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Like it or not, cold weather is coming, and your vehicle needs to be ready for it. When conditions turn nasty, your safety can depend on being properly prepared for winter weather. Getting everything done on your car in advance helps ensure that an unexpected cold snap or snowstorm won’t leave you stranded.

Winter Tires

They’re not just for snow. Winter tires use a softer rubber compound that helps them grip cold or icy pavement, and they do a better job than all-season tires any time the temperature drops below 7C. Their more aggressive tread also channels away slush and snow to help prevent sliding.

Wiper Blades

Streaks on your windshield can obstruct your vision, especially when you’re driving into the glare of winter sunshine. Replace your blades any time they’re cracked or torn, if they don’t clear the glass completely, or if they bump or chatter. The rubber eventually gets hard from exposure to sun and weather, and it’s reasonable to have to change your blades at least twice a year. Remember to change the rear wiper blade on SUVs and hatchbacks, too.

Battery

It’s tougher for the battery to start the engine in cold weather, and one that did its job in the summer might not get you through the winter, especially if it’s several years old. A service technician will test your battery to see if it can handle the job, make sure the cables are in good shape and firmly attached, and ensure that there’s no corrosion on the terminals. If the battery’s marginal, replace it now so it doesn’t leave you stranded.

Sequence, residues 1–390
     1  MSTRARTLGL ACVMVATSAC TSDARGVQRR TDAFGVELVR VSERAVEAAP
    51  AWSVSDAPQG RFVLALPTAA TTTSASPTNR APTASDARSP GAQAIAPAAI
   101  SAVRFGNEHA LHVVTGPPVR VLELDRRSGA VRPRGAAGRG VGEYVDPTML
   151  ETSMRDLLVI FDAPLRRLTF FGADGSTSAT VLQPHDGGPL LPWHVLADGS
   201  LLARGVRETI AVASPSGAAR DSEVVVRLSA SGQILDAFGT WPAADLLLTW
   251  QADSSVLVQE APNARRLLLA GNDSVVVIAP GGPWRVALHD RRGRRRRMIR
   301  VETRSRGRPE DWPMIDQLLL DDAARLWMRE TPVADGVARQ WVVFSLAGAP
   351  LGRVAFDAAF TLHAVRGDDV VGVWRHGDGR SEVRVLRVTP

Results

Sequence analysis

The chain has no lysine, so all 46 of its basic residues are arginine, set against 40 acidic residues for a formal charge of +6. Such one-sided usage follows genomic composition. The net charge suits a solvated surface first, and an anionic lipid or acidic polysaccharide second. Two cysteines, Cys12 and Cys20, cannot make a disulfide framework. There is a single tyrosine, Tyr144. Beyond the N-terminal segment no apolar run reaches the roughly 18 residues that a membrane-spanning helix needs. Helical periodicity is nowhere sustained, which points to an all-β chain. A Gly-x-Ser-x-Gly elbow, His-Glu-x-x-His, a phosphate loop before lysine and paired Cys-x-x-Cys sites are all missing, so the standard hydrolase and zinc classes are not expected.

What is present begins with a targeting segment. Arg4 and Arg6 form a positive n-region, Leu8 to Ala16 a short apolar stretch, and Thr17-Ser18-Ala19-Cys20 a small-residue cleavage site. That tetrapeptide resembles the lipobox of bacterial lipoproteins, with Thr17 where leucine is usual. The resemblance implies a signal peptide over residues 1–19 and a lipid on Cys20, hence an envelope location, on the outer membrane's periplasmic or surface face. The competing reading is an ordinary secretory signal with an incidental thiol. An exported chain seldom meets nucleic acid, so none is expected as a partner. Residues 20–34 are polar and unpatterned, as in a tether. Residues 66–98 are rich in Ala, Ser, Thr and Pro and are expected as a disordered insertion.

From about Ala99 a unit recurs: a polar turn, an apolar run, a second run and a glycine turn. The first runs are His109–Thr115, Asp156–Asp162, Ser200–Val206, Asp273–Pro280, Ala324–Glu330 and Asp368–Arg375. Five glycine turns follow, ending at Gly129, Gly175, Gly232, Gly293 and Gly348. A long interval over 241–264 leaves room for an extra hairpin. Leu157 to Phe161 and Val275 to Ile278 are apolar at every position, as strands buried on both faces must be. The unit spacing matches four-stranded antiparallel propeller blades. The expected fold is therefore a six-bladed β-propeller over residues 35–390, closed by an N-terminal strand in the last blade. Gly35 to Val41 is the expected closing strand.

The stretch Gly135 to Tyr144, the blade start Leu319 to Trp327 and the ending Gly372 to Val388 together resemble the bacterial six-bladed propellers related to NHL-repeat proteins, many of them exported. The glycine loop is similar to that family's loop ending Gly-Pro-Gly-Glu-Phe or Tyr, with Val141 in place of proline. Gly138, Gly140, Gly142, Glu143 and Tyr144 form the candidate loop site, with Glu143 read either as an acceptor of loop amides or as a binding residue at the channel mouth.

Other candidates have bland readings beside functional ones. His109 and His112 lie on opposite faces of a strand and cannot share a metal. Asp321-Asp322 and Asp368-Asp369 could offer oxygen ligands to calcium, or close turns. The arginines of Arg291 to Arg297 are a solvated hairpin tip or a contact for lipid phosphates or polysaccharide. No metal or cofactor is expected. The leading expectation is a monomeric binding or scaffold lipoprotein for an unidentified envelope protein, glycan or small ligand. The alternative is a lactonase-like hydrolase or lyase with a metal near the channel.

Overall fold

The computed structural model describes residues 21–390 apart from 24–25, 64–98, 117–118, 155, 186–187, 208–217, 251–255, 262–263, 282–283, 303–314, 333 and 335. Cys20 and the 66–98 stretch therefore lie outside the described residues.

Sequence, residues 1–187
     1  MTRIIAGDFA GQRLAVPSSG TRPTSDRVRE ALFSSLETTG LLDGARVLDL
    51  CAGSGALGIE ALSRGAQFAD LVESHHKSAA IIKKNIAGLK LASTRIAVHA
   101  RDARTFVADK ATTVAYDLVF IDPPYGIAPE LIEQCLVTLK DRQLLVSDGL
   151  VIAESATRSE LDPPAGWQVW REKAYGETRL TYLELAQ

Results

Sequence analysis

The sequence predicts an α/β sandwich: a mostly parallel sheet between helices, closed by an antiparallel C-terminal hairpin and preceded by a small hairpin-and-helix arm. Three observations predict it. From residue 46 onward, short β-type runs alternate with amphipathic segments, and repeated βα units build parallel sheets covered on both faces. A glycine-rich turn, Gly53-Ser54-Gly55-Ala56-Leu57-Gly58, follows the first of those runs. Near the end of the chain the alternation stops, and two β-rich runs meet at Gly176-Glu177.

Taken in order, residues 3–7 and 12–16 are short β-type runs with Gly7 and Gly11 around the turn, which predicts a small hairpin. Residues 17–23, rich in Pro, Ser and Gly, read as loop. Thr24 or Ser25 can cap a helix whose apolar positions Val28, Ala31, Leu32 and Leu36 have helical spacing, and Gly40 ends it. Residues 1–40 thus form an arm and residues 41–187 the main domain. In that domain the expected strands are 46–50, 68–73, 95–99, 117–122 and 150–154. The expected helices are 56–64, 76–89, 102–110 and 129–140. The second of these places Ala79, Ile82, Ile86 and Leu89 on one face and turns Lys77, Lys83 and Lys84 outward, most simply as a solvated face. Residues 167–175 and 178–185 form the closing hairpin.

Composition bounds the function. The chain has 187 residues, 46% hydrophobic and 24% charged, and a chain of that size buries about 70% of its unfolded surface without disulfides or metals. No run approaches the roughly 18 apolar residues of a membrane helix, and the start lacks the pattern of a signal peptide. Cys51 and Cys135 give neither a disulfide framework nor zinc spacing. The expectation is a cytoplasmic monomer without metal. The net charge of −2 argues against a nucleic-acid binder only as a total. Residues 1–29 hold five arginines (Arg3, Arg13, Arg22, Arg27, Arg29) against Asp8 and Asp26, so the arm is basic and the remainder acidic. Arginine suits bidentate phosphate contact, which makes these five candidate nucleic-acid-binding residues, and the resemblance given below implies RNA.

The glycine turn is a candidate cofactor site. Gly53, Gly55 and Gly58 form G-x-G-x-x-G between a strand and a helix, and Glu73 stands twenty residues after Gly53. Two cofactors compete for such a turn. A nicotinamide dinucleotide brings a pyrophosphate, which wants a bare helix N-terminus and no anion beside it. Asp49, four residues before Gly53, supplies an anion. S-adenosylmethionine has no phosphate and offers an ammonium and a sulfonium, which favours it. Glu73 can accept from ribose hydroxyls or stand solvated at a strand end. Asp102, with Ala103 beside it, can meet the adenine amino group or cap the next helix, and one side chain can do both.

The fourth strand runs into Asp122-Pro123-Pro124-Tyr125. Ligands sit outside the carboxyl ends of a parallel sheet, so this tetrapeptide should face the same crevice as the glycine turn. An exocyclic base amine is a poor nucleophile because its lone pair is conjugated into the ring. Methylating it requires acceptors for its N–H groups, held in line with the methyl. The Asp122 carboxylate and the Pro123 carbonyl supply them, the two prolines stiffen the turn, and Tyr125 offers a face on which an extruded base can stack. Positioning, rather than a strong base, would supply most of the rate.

Emergency Kit 

It can be a while before help arrives in a bad snowstorm. Your emergency kit should include a blanket, candles, matches, energy snacks, and a folding shovel. Women who wear heels should pack a pair of flat-soled boots, too.

Winter Washer Fluid

 Winter-specific fluid resists freezing and is formulated to clean away winter grime such as road salt. Always carry a spare jug so you don’t run out. Never use plain water, which will freeze and damage the washer pump.

Coolant

Have your coolant tested to be sure it can handle cold temperatures. Follow your vehicle’s maintenance schedule, and when it’s recommended, have the cooling system flushed and filled with new fluid. Coolant gradually deteriorates, and when it does, it can’t adequately protect your engine and cooling system. This includes the heater core, and if this component gets clogged with corrosion, it’s an extremely expensive job to replace it.

Oil Change 

It’s essential that oil flows quickly through your engine when you start it, to prevent wear and damage, but oil that isn’t formulated for winter can thicken in cold temperatures. Have your oil changed to low-viscosity oil such as Mobil 1 Advanced Fuel Economy synthetic oil, which flows rapidly to provide protection. Since it reduces friction, it can also help improve fuel economy. Changing your oil as recommended in all seasons will keep your engine clean and help it last longer.

By Jil McIntosh of Wheels.ca